From Saltfleet To Stoney Creek
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Stoney Creek, Ontario

Fruitland - The Centre of It All

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Fruitland - The Centre of It All

Fruitland is the geographical centre of the old Saltfleet Township, but its very name evokes the industry that drove Saltfleet's economic progress from its founding in the 1780s to the latter half of the 20th century.

Even today, with urban sprawl decimating the few remaining fruit farms of Stoney Creek, a whisp of the past is sustained in the name of the bedroom community called "Fruitland".

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Map of Fruitland
1997
Fruitland
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Although a few isolated families entered the Stoney Creek area prior to the 1790s, Fruitland's history proper began with the 1791 survey of the area by Augustus Jones.

Today, his name lives on with Jones Road, named for one of the family land grants in Fruitland.

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Augustus Jones land survey
1791

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Wesley United Church is situated at the crossroads that defines Fruitland (Fruitland Rd. and Highway 8).

The church is made of local red brick. There was a 19th century commercial brick kiln to the east of the church.

At one time the church had its own tennis court (now the rear parking lot).

The main entrance has now been greatly modified.

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Wesley United Church (Fruitland)
1970
Highway #8
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Also at this important corner were the train stop for the Hamilton, Grimsby, and Beamsville Electric Railway, a general store, and Fruitland's 2nd post office.

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Fruitland general store and Wesley Methodist church
1900
Fruitland, Highway #8
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Fruitland store
1900
Fruitland, Highway #8
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Beside the old post office/general store stood the old 19th century Fruitland Brick Kiln.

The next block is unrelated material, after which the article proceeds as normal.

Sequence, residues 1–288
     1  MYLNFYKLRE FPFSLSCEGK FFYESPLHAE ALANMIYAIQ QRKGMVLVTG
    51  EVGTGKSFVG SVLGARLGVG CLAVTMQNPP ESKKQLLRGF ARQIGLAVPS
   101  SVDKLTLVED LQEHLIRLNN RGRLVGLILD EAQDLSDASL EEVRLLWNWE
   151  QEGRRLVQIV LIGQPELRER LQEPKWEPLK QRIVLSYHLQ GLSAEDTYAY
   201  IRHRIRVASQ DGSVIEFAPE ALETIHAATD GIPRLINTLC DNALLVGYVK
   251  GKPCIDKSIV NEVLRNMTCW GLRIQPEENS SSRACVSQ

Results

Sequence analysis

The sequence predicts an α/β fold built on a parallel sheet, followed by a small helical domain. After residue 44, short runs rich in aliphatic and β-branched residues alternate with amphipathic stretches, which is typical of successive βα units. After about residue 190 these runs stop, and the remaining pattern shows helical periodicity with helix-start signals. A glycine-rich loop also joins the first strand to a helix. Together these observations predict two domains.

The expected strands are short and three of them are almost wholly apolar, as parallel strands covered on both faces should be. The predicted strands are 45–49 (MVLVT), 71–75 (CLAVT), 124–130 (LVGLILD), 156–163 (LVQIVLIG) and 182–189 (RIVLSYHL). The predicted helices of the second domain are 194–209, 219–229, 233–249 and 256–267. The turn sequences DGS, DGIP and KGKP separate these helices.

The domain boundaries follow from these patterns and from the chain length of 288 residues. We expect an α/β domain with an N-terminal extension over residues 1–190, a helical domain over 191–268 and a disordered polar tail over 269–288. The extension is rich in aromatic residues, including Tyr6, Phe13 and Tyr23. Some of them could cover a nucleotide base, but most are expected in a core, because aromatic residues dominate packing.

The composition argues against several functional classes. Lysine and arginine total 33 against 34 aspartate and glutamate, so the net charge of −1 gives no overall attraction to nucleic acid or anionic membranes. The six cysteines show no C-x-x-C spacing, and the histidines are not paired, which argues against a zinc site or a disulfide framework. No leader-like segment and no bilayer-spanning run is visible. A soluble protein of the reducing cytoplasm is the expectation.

Another building was erected in the mid 20th century on the site. This building was known as Saltfleet Wood Products in the 1970s, before becoming the modern Fruitland post office, a hair salon, and craft store.

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Saltfleet Wood Products
1970
Highway #8, Fruitland
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Fruitland's first post office was the brainchild of local resident, Robert H. Dewar. In 1894 Dewar applied for a postal outlet between the hamlet of Winona and the village of Stoney Creek.

He was granted the license and operated Fruitland's first postal station in a newly expanded east wing of his home.

The cubby hole shelving for the letters on the east wall remained even after the postal station moved from the location. William J. Hewitson, who bought the house in the 1930s recalls seeing the letter sorting shelving on the wall in his youth.

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Robert H. Dewar
1924

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Application for a Fruitland Post Office
30 July 1894
Fruitland
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The Dewar House was purchased c.1930 by William J. Hewitson and his wife Margaret Walker Hewitson (next picture).

The Dewar House still stands in 2003, although it has passed from the Hewitson family (2nd picture following).

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Margaret (Walker) Hewitson
1930

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R.H. Dewar house.
2002
Highway #8
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Just down the street from the Fruitland Rd. and Highway 8 crossroads was one of the local inns, operated in late 19th century by landowner Philander Barnes.

This large structure eventually changed hands and was demolished in the 1960s, although the Dewitt Rd. and Highway 8 crossroads remains an alternate commercial central place for Fruitland.

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Philander Barnes house.
1910
Highway #8
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Between the two intersections lie two churches.

Together with five more in the vicinity, this makes the stretch of Highway 8 between Millen Road and Fruitland Road the section of Saltfleet township with the highest density of religious structures.

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Ebenezer Church
1965
Highway #8
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Church of Our Saviour
1974
Highway #8